Once upon a time, I was jubilant at the prospect of meeting my very first child. It felt as if our lives had crossed the veil of reality into a fairytale. I was a princess, my husband by my side, and we were due to meet our little prince. We would live happily ever after, the remnants of our eternity filled to the brim with milestones, coos, first babbling words, innocent giggles, and wide, chubby smiles.
Then the fairytale was flipped, shattered and warped into a gothic nightmare. The princess holding her dead little prince in her arms, dressed not in white but in black, her bright world gone dark.
Who am I now? Am I a mother? Perhaps that, too, is a fairytale. A figment of my imagination, a fantastical dream spun from the fabric of fantasy and broken wishes.
You are strong
You are brave
You are powerful
Words of praise, but what choice do I have? I did not choose this life, nor did I choose this limbo—floating aimlessly throughout my days, donning my mask to conceal my emotions from the world, living only to complete my tasks and smile my empty smiles.
People all around me are wearing masks, too, their own horrors hidden. Perhaps each night they pull their grief into their hearts, the raw pain of missing their own losses. Perhaps, during the day, they scream even louder than me on the inside, while on the outside they labor and toil and cook and clean, their faces set like stone.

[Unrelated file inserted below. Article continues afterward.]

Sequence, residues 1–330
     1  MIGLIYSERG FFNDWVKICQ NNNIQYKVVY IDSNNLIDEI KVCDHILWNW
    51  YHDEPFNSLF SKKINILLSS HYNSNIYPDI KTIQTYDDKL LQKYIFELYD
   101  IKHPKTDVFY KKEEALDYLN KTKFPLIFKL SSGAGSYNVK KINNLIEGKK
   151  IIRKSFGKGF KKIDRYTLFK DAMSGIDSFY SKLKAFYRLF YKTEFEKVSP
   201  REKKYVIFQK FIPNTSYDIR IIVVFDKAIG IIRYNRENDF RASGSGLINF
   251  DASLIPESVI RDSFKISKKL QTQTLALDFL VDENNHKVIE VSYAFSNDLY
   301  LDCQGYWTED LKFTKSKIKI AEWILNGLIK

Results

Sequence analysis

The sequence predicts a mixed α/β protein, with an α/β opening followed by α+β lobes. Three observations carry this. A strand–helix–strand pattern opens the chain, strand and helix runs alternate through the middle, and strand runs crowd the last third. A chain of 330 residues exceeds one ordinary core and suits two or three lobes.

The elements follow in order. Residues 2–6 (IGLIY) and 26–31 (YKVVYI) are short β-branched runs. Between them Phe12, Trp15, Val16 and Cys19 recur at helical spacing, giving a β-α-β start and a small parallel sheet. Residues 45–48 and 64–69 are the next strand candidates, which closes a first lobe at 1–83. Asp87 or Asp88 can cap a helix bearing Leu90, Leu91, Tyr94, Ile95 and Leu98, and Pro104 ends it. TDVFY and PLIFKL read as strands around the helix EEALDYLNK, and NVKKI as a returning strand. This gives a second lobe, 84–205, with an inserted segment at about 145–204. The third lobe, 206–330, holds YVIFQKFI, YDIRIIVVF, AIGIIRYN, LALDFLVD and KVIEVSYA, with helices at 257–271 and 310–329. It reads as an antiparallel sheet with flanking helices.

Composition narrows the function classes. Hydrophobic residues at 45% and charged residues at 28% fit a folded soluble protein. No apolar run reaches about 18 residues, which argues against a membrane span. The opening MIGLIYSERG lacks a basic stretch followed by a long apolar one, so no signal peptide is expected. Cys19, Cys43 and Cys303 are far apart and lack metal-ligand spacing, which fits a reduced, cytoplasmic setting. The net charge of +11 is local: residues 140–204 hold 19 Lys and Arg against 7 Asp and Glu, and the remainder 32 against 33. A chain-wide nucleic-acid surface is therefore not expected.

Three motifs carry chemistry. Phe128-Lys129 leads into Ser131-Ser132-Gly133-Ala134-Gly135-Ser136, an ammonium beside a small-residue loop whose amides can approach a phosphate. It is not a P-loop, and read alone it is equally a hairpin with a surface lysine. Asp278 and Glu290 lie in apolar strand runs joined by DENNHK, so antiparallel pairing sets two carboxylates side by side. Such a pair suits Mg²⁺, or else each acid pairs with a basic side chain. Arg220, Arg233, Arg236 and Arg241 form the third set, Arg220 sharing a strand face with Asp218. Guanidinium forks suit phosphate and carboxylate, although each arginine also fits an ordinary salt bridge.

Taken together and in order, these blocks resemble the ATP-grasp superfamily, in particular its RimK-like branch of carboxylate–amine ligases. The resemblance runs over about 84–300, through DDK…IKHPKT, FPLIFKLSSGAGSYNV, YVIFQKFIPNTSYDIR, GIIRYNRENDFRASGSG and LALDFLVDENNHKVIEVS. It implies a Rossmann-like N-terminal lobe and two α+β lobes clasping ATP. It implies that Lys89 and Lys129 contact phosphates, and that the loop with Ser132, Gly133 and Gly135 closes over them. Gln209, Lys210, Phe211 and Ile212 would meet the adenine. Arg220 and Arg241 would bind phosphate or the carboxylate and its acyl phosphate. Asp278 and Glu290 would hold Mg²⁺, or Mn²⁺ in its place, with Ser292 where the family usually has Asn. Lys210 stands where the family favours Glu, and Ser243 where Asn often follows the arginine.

I do not know anyone's suffering but my own. But I know their questions.
I know they, too, lay bewildered and wide-eyed at night. Whether their bellies had once been truly full of life, their hearts warm fires kindling dreams of bright, vibrant futures—or if they, too, had simply been fantasies, gone in the blink of an eye, too good to be true, not meant to be after all.
I am not alone. We all come to life as mechanical dolls, only to unwind and break down once the day is done.
During the numbness of the day, I eagerly await the night. I need it. I pull myself back into a time that was both hopeful and horrible, when the promise of my son was both formed and painfully shattered within nine months. In the stillness of the night, when I am doubled over in the agony of his death, yet still yearning to remember him, yearning to love him, I am with him again. He is there, my personal fairytale, my once upon a time, my wish upon a star. And I know who I am.
I am a broken mother. I am unashamed to dream of his smile, his eyes, his coos like lost whispers in the night. I hold what was and what could have been in my heart, I hold the pain close to me, for it is sacred, it connects me to both my fantasy of his life, and the reality of his death. I relive the tale of Riyad, the tale of my child that was too good for this world. And in that moment, he is real. The pain is mine, to hold and to bear. Day in, and day out. And he is mine, forever.
We're happy to welcome Nada as one of our newest regular contributors at Glow. On the occasion of her first post on the roster—a reflection that reads like a state-of-the-nation—tell us how you're doing. Are you still donning a mask as you move through the world? What doors does the night open for you?